This article focuses on using web.config files to redirect browsers via a 301, 302, or 307 status code. This article details steps required to redirect individual pages to another page or site. This article is the third in a series. Part one explains what http redirect status codes are, and provides several example web.config files. Part two shows examples of web.config files in action.

Purpose
HTTP response redirect status codes are used to redirect web requests for a web site, directory, or page to another location. The redirect could target another page or directory on the same domain, or a page or directory on another domain. Response redirect status codes have many uses, but they are most often used after redesigning a web site, changing domain names, or merging two or more web sites.

Compatibility
The httpRedirect section of web.config is compatible with IIS 7 (w2k8) and IIS 7.5 (w2k8 r2).

Web.config files are deeply integrated with IIS 7.x. The httpRedirect directives listed in this article will apply to all files and directories (php, jpg, png, htm, etc), not just asp.net files.

While some web.config sections sometimes require that the containing directory is set as an application, this isn't one of them. A simple web.config with a httpRedirect section may be placed in any directory, and the directory does NOT need to be set as an application.

Prerequisites

  • Windows 2008 Server, IIS 7 (w2k8) or IIS 7.5 (w2k8 r2)
  • IIS sub feature: HTTP Redirection (not installed by default with IIS)
  • HTTP Redirection delegation set to: Read/Write

I already know
Yes, I know that we can redirect individual pages by placing the following into the head of the page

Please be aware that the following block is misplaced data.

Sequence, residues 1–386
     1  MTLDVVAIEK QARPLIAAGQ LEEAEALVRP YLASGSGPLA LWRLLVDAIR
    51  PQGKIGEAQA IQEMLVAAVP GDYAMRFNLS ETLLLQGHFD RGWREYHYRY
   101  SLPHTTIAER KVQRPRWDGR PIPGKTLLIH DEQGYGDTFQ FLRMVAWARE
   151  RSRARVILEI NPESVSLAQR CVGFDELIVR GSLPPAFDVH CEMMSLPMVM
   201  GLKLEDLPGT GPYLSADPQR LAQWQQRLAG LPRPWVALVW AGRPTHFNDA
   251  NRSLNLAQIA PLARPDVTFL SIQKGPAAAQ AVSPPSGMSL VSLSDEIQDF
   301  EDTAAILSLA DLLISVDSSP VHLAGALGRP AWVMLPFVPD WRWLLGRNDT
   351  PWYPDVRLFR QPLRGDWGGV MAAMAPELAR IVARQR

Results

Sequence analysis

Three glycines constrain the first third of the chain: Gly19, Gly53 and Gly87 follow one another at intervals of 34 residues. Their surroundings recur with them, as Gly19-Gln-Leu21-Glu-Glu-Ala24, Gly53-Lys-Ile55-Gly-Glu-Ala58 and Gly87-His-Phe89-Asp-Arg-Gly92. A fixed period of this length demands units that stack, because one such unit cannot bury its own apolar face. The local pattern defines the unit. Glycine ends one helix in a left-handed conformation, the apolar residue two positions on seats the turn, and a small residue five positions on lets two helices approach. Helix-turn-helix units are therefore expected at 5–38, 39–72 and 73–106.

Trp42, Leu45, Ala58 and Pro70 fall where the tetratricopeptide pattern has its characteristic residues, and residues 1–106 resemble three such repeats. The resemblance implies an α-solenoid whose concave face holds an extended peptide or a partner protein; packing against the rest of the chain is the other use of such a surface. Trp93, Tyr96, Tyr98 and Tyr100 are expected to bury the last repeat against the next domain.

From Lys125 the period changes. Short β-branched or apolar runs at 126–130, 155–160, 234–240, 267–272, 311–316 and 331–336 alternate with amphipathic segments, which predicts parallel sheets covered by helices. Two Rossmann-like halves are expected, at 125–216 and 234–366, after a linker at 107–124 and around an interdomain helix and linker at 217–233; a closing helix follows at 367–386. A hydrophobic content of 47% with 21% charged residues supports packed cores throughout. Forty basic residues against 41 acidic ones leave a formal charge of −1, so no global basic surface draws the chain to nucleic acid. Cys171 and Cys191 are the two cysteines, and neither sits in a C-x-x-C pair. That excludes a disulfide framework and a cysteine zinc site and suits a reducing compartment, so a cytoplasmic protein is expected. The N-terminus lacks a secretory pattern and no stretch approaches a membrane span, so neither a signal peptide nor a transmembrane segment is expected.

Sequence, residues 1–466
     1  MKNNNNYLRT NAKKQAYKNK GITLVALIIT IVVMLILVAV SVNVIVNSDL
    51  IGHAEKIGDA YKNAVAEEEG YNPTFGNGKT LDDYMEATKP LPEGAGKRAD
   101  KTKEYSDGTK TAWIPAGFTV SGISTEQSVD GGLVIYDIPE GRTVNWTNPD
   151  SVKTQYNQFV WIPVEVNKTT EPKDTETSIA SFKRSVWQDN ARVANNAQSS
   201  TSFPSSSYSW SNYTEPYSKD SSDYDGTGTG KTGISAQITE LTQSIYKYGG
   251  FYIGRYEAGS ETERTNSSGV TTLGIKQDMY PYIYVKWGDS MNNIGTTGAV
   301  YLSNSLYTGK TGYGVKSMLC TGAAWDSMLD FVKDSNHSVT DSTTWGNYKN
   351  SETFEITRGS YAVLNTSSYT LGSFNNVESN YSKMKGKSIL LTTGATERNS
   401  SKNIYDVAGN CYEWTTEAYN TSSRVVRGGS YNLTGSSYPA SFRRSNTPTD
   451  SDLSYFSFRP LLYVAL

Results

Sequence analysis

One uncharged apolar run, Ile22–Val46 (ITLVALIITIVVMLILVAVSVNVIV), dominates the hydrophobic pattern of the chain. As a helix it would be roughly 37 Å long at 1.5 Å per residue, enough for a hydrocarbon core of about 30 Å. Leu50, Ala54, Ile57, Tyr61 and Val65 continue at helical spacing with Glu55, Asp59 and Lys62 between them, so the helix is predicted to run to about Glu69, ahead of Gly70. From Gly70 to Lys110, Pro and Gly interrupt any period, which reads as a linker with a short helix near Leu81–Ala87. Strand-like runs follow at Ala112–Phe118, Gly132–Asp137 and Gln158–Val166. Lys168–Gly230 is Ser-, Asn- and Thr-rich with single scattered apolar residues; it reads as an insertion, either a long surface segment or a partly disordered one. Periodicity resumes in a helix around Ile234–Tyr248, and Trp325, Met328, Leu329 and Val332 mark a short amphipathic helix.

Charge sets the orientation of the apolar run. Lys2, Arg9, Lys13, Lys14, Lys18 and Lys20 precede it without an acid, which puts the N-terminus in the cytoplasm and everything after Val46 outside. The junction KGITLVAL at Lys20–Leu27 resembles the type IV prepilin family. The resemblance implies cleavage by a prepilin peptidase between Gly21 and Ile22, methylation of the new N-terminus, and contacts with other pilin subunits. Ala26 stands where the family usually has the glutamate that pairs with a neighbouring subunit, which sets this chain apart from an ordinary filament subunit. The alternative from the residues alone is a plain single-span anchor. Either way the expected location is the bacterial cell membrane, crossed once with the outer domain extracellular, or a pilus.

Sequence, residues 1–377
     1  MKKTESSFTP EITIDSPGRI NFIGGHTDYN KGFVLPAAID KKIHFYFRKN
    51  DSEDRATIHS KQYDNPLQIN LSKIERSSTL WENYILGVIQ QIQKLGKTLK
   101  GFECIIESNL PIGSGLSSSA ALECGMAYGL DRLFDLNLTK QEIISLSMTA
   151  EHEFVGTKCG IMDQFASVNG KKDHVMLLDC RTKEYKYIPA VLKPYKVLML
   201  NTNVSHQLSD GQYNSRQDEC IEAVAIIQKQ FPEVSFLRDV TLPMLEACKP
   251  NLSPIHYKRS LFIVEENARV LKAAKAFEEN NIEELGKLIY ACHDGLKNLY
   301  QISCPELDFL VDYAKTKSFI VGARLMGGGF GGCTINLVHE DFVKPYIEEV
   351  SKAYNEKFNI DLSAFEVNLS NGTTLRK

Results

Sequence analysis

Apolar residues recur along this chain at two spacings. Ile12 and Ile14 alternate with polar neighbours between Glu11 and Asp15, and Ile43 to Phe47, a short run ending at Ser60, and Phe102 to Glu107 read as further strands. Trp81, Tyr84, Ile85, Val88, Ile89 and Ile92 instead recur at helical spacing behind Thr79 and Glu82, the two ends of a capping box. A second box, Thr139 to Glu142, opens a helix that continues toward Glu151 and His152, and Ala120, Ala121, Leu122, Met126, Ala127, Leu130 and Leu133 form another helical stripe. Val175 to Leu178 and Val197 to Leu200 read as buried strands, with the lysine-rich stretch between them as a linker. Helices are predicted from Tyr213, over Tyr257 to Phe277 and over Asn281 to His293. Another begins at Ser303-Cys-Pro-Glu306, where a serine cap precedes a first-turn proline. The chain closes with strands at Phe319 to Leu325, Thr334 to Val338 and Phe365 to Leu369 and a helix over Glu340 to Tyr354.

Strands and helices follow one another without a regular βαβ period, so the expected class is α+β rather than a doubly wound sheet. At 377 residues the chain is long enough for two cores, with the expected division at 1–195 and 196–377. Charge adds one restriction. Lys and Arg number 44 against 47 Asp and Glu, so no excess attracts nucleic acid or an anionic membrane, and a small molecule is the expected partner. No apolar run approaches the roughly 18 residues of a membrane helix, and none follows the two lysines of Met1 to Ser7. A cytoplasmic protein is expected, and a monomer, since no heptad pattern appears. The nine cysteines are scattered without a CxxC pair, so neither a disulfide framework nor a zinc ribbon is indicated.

<META HTTP-EQUIV=Refresh CONTENT="0; URL=http://www.foo.com/page.htm" />, but that's not what we are talking about. Here, we are using web.config to do the same thing. One advantage of using web.config for the redirect, is control over the status code. With web.config, we can set the status code to 301, 302, or 307.


Example
In the following example, the "pages" directory contains page1.htm, page2.htm, page3.htm, and page4.htm. The web.config shown below will do the following

 

<?xml version="1.0"?>
<configuration>
    <location path="page1.htm">
        <system.webServer>
            <httpRedirect enabled="true" destination="http://www.victor-ratajczyk.com/examples/webconfig/redir/newpages/newpage.htm" httpResponseStatus="Permanent" />
        </system.webServer>
    </location>
    <location path="page2.htm">
        <system.webServer>
            <httpRedirect enabled="true" destination="http://www.google.com" httpResponseStatus="Permanent" />
        </system.webServer>
    </location>
    <location path="page3.htm">
        <system.webServer>
            <httpRedirect enabled="true" destination="http://news.yahoo.com/science/" httpResponseStatus="Permanent" />
        </system.webServer>
    </location>
    <location path="page5.htm">
        <system.webServer>
            <httpRedirect enabled="true" destination="http://www.google.com" httpResponseStatus="Permanent" />
        </system.webServer>
    </location>
</configuration>